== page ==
We use the word “hope” regularly: “I hope to get a promotion. I hope to buy a house someday. I hope to retire and live by the 18th hole. I hope this movie is worth the ticket. I hope I get a bigger bonus, a smaller waistline, a restful night.”
We “hope” for a lot of things. And when we do we use the word “hope” as a wishful thinking. What is it you are hoping for?
Had you lived as a believer in the first century your hope may have resided in something more certain. The Hebrew writer knows his audience needs something more than wishful thinking. They had already experienced suffering under Claudius. Soon Nero would unleash his fury upon the Christians.
That kind of opposition and persecution could cause a person to drift away from the faith. And so he writes at the beginning of his treatise “…we must pay much closer attention to what we have heard, lest we drift away from it.”
The phrase “pay much closer attention” can mean “to bring a ship to land.” I’m not very nautical, but I have brought a boat back into dock a couple of times. When you do you’d better not be looking off at the sunset or at the bird flying overhead. You work on your speed and your approach so that you can bring the boat to gently touch the place you are docking. In the first century it may have been to just bring the boat to land.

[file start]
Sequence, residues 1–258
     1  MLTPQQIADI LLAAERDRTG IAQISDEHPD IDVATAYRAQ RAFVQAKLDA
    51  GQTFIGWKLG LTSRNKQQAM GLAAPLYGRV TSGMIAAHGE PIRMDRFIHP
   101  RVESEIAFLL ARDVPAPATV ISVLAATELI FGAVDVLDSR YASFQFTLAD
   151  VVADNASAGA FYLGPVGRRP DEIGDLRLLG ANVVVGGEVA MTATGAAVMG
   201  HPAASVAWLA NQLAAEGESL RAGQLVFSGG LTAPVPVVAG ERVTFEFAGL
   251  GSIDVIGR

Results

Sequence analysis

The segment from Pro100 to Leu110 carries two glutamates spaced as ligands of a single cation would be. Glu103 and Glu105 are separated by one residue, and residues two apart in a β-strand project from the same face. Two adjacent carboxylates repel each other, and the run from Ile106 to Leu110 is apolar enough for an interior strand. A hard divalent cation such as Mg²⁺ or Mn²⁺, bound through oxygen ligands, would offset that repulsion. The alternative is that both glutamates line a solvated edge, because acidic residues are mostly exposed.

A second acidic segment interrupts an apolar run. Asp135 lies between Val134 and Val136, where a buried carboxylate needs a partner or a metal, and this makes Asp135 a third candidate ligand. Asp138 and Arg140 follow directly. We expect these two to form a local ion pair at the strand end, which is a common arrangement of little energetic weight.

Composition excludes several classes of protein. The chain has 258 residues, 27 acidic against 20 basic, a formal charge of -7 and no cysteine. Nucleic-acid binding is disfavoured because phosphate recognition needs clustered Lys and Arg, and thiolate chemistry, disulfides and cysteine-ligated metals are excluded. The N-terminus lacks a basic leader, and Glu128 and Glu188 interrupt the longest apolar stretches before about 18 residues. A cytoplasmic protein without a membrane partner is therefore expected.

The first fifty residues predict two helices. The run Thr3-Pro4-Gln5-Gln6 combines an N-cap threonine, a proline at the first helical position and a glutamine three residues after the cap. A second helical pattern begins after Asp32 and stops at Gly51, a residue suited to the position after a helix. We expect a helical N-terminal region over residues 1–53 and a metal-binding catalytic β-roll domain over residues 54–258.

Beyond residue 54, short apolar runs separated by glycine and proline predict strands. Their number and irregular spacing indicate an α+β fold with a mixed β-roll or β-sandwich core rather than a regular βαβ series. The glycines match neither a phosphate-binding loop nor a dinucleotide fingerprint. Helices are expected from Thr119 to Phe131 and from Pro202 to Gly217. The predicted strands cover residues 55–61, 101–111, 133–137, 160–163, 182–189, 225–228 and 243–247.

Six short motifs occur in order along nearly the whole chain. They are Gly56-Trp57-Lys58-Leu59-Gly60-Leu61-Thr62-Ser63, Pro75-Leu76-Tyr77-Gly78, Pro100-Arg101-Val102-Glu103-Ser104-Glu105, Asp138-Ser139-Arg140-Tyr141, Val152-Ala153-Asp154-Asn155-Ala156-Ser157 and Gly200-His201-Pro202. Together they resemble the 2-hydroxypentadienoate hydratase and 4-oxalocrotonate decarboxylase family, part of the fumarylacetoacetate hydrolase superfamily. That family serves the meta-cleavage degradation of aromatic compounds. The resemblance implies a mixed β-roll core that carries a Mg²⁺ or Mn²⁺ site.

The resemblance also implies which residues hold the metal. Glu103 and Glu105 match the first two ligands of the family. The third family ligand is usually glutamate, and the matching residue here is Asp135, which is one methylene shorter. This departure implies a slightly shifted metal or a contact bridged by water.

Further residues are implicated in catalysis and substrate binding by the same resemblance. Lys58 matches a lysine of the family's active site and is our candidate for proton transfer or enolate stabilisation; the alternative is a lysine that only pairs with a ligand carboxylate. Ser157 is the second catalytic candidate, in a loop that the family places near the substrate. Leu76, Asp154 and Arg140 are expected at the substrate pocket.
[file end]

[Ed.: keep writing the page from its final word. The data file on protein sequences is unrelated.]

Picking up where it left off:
That’s what he means. Don’t just glance at the teaching about Christ reigning now and forever. It needs to be something you pay much attention to. Why? “…less we drift away from it.” That phrase means “to glide by.” Again, the captain of a ship that is not paying attention may just glide by the place he is to dock. It happens slowly. Maybe imperceptibly. But it happens. The writer knows the possibility of drifting exists, especially in times of stress and persecution.
To help them avoid drifting he gives them an anchor. “We have this as a sure and steadfast anchor of the soul, a hope …” He’s referring to the promise made by God. His promises are sure and certain. And the promise he is talking about involves our hope, a hope that will encourage us—give us courage—in hard times.
If you were a first century Christian and you were hiding in the catacombs talking with others about how some of your best friends had been thrown to the lions or burned at the stake or maybe crucified and set on fire as Nero did at one of his garden parties, you would need something to encourage you. You knew the cross and its reality. What you needed was an anchor. An anchor reminds you of Jesus and a sure hope.
Life happens. And when it does it can be shaken. Too much shaking can cause us to drift from the teaching of Christ. But we can cope with today holding onto a hope for tomorrow.
Things might get tough. The waters may become rough. Anchor deep in Christ now so you won’t drift then.
Question: Are you experiencing some “rough waters”? How will you anchor deep?